The ones who say empty words made me angry, some of this was done by family, they felt like they cared more about themselves than about my father. They made tasteless jokes such as "well the only good thing about the hospital is they got rid of my in-laws" said by my mom's brother. Sometimes they got angry at me for being sad even though it's been less than a year "How long will you be sad for?! 10 years?!" Others liked to say "Well my parents died a couple years ago and I got over it soon after" my response to that was "but you're 30 years older than me, and you had your own support system of a husband and children to focus on and help you through it, I'm still young, single, and have my whole life I have to live through this"

Then there were those who felt like they just forgot, it's slightly selfish of me and I don't need them to actually acknowledge it daily. But it would be nice if we got equal treatment of remembrance to other people who experienced similar loss, like honorary mention in the weekly service like others get instead of total disappearance of any mention a month later.. or maybe some flowers every so often..My dad gave his heart and soul to these people freely, he did so much for them only to be forgotten so quickly..

It's like knowing a group of people for several years in school and staying only acquaintances despite wanting to be friends with them, then a transfer student comes in and becomes best buds with people you thought were friends as if he knew them longer than you. Or it's like being denied a job or college entrance because of affirmative action or diversity hire.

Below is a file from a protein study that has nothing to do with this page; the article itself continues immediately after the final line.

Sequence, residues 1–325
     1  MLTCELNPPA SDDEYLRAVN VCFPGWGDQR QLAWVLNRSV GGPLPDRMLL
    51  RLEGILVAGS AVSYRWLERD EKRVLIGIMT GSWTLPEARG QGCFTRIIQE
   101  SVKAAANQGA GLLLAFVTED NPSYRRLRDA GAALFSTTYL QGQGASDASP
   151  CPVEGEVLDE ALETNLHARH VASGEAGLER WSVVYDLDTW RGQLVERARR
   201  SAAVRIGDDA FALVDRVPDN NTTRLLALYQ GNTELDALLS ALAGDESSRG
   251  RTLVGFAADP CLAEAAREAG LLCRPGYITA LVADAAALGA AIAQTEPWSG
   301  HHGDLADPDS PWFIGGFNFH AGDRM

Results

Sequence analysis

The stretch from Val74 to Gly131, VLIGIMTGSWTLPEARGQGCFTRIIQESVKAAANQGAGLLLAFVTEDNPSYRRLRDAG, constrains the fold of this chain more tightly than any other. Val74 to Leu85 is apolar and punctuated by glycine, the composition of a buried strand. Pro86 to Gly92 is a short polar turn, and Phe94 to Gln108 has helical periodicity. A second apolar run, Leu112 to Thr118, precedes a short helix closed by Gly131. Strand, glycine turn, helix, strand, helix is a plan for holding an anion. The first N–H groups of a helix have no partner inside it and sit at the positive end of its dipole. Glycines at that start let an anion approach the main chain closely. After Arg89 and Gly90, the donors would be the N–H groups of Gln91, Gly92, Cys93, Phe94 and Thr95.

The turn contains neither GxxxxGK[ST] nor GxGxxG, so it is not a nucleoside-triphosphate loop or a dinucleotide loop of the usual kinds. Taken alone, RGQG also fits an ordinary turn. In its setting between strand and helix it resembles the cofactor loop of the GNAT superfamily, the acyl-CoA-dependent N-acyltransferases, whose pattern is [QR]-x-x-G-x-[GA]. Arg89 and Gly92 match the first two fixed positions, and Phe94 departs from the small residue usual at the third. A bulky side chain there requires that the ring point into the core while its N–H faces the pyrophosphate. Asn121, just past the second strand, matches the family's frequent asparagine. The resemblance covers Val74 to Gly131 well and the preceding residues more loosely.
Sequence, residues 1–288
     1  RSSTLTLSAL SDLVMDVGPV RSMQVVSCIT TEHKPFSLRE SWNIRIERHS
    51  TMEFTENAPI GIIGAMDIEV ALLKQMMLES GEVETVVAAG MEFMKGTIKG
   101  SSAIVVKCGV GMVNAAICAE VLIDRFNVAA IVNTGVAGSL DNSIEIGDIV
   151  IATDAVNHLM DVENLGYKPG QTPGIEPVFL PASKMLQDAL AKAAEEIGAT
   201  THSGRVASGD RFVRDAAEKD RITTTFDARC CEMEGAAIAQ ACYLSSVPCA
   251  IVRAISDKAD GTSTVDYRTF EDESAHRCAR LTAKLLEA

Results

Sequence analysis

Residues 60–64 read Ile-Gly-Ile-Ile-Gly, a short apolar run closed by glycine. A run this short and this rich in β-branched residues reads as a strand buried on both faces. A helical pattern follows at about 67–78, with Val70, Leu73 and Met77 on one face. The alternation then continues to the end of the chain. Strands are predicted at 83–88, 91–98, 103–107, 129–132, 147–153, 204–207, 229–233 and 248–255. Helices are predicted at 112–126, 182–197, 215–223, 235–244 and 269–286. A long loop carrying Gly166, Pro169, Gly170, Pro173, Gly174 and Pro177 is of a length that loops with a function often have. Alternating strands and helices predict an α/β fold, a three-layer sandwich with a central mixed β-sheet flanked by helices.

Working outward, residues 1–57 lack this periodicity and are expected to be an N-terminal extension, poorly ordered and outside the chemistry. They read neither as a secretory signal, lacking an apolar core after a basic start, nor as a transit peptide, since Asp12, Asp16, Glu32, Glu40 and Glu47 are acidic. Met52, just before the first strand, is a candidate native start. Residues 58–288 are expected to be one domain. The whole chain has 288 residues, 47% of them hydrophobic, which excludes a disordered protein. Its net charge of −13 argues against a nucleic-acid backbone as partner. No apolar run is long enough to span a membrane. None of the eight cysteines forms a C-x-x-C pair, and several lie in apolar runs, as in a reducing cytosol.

Sorry for the TL;DR hopefully someone gets some meaning from this.

[–] Tallest_Skil 0 points 0 points (+0|-0) ago 

I will never understand why people are offended by this.

Sounds like your problem.

What the fuck do you want someone to say to you when they found out you just lost someone?

“I neither know nor care.”

They're trying to be polite to you.

They’re bad at it.

They don't know what the fuck to say, so…

...why not say nothing, then?

They know that the "sorry for your loss" doesn't help much

If they knew that, they wouldn’t say it.

because it's the right thing to do.

Literally not.

[–] ArousedYeti 0 points 0 points (+0|-0) ago  (edited ago)

Maybe people should laugh at this bitter faggot.

Life sucks sometimes, get over yourself. Do you really think shitting on the rest of the world is doing you any good? Take a deep breath and find it in your broken heart to be kind and peaceful with others, and you will get the same in return.

[–] Hey_Sunshine 3 points -3 points (+0|-3) ago